Want to share your content on R-bloggers? click here if you have a blog, or here if you don't.

In the exercises below we cover the basics of reading delimited data. Before proceeding, first read section 7.1 of An Introduction to R, and the help pages for the `read.table` function.

Answers to the exercises are available here.

For each exercise we provide a data set that can be accessed through the link shown in the exercise. You can read the data from this link directly (clicking on it will show the url in the address bar of your browser), or you can download the data first to a local directory, and read it from there.

Exercise 1
a) Change the names of the columns to `Name`, `Age`, `Height`, `Weight` and `Sex`.
b) Change the row names so that they are the same as `Name`, and remove the variable `Name`.

Exercise 2
Read the file Table1.txt, how many rows and columns does it have?
a) Reread the file and make the variable `Name` be the row names. Make sure you read the variable as characters and not as factors.

Exercise 3
Read the file Table2.txt, watch out for the first line.

Exercise 4
Read the file Table3.txt, watch out for the first line and the missing values.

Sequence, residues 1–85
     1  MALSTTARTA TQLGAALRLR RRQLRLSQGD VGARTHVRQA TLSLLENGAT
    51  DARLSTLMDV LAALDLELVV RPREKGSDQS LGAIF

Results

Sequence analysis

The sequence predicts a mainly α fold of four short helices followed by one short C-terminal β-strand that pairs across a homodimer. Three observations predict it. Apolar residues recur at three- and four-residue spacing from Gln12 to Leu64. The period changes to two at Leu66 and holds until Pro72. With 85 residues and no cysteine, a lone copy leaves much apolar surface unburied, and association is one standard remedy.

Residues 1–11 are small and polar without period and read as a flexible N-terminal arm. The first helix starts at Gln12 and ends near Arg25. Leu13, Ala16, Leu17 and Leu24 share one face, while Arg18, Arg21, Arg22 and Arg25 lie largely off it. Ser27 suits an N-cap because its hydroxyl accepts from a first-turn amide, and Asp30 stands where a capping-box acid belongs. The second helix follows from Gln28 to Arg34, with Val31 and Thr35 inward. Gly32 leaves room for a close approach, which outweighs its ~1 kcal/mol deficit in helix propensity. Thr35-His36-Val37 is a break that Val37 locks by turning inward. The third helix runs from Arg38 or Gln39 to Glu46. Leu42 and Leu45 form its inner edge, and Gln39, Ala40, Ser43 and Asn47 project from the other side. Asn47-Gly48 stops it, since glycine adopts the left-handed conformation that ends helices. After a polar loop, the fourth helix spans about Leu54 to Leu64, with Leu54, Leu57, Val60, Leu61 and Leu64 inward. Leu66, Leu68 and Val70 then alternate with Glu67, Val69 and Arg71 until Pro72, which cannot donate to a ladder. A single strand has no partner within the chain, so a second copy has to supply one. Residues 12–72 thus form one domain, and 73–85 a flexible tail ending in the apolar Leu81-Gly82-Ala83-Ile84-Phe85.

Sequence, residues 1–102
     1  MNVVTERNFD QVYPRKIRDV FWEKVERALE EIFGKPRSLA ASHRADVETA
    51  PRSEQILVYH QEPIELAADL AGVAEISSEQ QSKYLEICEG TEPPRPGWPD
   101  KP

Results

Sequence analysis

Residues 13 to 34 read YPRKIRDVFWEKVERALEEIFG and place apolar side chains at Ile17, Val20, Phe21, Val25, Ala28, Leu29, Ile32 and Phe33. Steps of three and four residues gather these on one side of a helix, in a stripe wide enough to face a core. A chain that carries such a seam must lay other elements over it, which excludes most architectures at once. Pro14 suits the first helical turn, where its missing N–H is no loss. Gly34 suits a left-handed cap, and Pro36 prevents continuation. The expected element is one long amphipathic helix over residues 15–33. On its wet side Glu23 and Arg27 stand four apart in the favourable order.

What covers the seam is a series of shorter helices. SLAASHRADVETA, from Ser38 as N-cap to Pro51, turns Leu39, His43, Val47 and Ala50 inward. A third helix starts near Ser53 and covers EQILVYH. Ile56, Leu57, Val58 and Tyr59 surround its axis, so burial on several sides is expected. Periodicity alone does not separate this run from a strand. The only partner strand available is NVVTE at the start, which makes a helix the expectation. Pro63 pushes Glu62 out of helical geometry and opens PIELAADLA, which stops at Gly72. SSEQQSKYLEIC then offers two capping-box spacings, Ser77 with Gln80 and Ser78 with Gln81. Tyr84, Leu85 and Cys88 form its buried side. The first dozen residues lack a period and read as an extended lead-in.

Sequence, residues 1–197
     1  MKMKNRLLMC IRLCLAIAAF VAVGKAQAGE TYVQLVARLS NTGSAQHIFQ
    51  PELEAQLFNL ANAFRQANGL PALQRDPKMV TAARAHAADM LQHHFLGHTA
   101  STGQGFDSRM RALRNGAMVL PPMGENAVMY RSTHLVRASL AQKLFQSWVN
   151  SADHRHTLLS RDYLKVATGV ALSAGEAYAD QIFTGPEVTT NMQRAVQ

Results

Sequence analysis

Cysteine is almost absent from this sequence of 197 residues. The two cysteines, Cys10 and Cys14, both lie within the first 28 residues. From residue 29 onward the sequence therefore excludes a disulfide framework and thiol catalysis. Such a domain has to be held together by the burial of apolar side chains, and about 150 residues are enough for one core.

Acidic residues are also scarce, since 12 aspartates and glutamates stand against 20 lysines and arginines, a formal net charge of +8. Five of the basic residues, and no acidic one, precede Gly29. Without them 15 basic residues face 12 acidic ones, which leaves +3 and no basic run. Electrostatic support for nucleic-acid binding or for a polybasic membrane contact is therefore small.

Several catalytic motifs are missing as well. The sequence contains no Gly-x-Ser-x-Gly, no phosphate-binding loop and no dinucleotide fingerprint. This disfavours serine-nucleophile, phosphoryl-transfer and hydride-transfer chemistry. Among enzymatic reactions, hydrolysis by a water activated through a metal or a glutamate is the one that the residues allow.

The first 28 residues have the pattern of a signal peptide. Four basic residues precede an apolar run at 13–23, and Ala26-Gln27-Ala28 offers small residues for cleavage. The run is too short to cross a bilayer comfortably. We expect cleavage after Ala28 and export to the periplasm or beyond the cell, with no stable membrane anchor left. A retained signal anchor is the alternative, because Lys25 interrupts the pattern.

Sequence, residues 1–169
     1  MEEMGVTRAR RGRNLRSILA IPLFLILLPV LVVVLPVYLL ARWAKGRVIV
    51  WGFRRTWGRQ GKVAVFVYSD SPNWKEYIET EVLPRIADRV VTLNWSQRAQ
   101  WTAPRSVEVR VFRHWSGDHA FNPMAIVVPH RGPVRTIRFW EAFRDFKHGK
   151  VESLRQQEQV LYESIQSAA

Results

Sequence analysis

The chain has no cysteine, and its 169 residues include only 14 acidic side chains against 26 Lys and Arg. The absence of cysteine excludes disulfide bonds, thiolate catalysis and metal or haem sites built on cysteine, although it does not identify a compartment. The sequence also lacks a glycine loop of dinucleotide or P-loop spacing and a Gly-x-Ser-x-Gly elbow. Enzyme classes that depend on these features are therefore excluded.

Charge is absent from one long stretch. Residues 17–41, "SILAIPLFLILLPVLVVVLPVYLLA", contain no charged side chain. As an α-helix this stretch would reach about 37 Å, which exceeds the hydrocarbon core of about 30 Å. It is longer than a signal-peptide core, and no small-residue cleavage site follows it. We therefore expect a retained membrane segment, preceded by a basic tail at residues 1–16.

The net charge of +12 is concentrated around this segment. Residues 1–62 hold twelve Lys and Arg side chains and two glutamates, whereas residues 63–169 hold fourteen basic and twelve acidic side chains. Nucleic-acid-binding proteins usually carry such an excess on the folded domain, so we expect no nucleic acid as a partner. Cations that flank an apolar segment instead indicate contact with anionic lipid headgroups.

Exercise 5
Read the file Table4.txt, watch out for the missing values and the decimal separator.

Exercise 6
Read the file Table5.txt, watch out for the missing values and the decimal separator and the separator.

Exercise 7
Read the file states1.csv, the names of the states should be the row names.

Exercise 8
Read the file states2.csv, the names of the states should be the row names, watch out for the decimal separator and the separator.

Exercise 9
Read the file states2.csv, watch out for the same as the last exercise plus the missing values. Add to the previous dataset, column-wise.

Exercise 10
Read the file Table6.txt, check out the file first. Notice that the information is repeated, we only want the first non-repeated ones. Make sure to create only characters not factors this time around. Lastly, we don’t want the comments.